Aug. 17, 2017: Dell’Omo announced that the Board of Trustees selected a potential buyer to acquire WCC. The process was facilitated by PricewaterhouseCoopers, a consulting firm hired by the university, which evaluated over 280 entities interested in buying WCC. Dell’Omo did not reveal the name of the finalist or any specific qualifications at the time of the announcement, which prompted backlash from many members of the WCC community.
Feb. 21, 2018: Dell’Omo revealed that Kaiwen Education was the buyer set to acquire WCC. Kaiwen operated two K-12 academies in Beijing. Until December 2017, Kaiwen was formerly known as Jiangsu Zhongtai Bridge Steel Company and it specialized in installing, manufacturing and transporting steel bridges.
March 27, 2019: The New Jersey Attorney General’s office submitted a report to the New Jersey Superior Court about the state’s position on the sale. The Attorney General was unable to make a recommendation on the sale and blamed Rider’s “six month delay in producing documents and eventual production of documents so heavily redacted as to hamper review.”
July 1, 2019: Rider announced that the sale to Kaiwen Education would be canceled. The university cited the “enormous complexity of the transaction” as the reason the sale would not continue. The same day, Rider announced a plan to consolidate WCC to the Lawrenceville campus. The initial announcement offered no specifics on how the move would happen. The only explicit detail was that WCC would be on the Rider campus in September 2020. Subsequent to the decision, the notices of possible WCC faculty layoffs that were issued in October 2018 were rescinded.
Aug. 7, 2019: The administration announced the creation of the Campus Transition Team to facilitate the consolidation. In an email to the university community, Dell’Omo said that almost 130 students, staff and faculty would be invited to participate in the Working Groups. The transition team would be “responsible for all facets of the transition.” In the announcement, Dell’Omo asserted his commitment to transparency and information.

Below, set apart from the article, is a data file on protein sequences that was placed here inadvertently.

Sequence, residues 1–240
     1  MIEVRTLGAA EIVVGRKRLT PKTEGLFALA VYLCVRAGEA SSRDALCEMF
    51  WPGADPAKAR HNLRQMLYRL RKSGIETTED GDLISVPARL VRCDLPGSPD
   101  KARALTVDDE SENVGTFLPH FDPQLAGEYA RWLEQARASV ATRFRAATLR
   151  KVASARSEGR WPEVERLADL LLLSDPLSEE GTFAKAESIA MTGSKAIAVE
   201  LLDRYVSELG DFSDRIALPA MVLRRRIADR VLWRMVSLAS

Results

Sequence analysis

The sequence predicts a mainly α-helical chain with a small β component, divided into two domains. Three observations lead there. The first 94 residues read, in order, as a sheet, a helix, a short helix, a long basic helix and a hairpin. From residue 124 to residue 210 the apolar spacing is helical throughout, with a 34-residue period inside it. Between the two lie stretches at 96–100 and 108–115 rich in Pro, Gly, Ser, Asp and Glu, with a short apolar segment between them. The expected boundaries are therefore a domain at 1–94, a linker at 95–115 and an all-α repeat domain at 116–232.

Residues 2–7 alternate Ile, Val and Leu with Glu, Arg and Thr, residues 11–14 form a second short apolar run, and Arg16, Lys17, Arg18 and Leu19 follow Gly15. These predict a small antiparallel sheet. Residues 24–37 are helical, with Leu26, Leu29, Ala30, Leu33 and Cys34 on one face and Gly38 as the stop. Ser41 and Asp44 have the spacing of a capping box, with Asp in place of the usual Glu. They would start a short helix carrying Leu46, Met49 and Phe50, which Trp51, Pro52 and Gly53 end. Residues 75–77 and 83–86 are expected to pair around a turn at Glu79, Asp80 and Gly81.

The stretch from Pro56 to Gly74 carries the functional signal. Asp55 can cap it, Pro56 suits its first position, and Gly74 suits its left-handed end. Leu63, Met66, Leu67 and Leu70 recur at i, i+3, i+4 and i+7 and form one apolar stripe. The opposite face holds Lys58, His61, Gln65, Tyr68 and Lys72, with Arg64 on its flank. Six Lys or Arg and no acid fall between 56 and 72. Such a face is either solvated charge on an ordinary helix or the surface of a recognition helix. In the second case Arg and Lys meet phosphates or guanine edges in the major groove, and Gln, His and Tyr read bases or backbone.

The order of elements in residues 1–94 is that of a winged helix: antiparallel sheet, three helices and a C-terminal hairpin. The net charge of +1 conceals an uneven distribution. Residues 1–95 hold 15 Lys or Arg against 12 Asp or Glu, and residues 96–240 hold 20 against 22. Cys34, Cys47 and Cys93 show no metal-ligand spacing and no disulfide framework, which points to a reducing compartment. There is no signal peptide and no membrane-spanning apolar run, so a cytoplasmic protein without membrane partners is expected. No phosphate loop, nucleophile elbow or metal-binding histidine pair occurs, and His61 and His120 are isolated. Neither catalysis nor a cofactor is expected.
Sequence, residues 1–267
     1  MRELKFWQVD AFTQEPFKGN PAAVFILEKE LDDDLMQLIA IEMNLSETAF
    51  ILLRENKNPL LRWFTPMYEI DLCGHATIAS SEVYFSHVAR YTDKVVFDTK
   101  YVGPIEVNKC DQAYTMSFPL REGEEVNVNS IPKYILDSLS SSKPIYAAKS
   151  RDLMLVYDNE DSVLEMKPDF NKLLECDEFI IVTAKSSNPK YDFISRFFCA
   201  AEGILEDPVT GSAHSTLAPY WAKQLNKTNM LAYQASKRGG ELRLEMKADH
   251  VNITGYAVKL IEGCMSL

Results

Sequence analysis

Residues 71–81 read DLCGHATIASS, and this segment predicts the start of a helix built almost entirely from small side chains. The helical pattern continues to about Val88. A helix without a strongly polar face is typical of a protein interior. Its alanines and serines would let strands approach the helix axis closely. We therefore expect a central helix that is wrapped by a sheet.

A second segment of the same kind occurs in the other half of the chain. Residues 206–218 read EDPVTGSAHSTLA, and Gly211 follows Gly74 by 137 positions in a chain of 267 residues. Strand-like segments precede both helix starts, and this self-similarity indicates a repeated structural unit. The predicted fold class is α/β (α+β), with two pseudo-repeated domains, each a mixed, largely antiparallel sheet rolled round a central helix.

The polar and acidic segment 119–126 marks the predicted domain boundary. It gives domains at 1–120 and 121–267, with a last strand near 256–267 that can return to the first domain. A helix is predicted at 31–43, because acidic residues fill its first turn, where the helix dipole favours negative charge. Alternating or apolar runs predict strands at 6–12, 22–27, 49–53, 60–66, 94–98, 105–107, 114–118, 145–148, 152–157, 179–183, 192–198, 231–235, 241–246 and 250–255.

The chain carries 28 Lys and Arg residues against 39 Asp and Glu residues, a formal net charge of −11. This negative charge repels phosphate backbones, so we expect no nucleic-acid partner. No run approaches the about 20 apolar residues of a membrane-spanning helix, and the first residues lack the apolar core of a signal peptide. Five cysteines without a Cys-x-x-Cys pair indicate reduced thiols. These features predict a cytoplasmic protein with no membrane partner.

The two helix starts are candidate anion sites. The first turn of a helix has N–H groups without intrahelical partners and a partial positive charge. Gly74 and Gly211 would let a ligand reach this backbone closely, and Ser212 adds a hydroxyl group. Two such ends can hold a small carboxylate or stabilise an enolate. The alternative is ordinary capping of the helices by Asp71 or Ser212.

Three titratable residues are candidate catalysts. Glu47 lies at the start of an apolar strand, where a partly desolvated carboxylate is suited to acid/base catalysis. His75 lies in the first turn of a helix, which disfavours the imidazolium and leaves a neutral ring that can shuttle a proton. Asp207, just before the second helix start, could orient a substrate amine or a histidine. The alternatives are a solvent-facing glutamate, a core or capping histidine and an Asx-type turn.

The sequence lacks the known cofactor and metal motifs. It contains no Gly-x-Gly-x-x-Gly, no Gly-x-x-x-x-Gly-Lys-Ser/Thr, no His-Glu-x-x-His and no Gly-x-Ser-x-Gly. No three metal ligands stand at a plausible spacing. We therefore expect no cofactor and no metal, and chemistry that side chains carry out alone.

Sept. 24, 2019: WCC community protested the consolidation on the Lawrenceville campus. WCC students attended an event at Rider that featured New Jersey Gov. Phil Murphy. The students then tried to enter the Fine Arts Center (FA) but were denied entry by Public Safety officials. The students were required to have a tour guide chaperone them through the building.
Oct. 6, 2019: Dell’Omo and other administration officials held a private meeting with WCC students on the Princeton campus. At the meeting, the president revealed that the cost of consolidation would run between $16 million and $20 million. Additionally, this was the first time actual plans for renovations and additions to the Lawrenceville campus were announced publicly. Vice President for Facilities and University Operations Michael Reca detailed renovations and additions to Gill Chapel, FA and Omega House.
Here is what to expect: Rider has remained steadfast in its commitment to the consolidation plan. Renovations and additions are set to break ground as early as May. With that said, litigation in opposition to consolidation continues. On Aug. 9, the Westminster Foundation, the alumni and faculty group working to stop the sale or movement of the school, added faculty from both Rider and WCC to a complaint to the New Jersey Superior Court and requested that the court finds a new fiduciary to operate WCC or separate it from Rider and return it to independent operation. The litigation to halt the move is pending.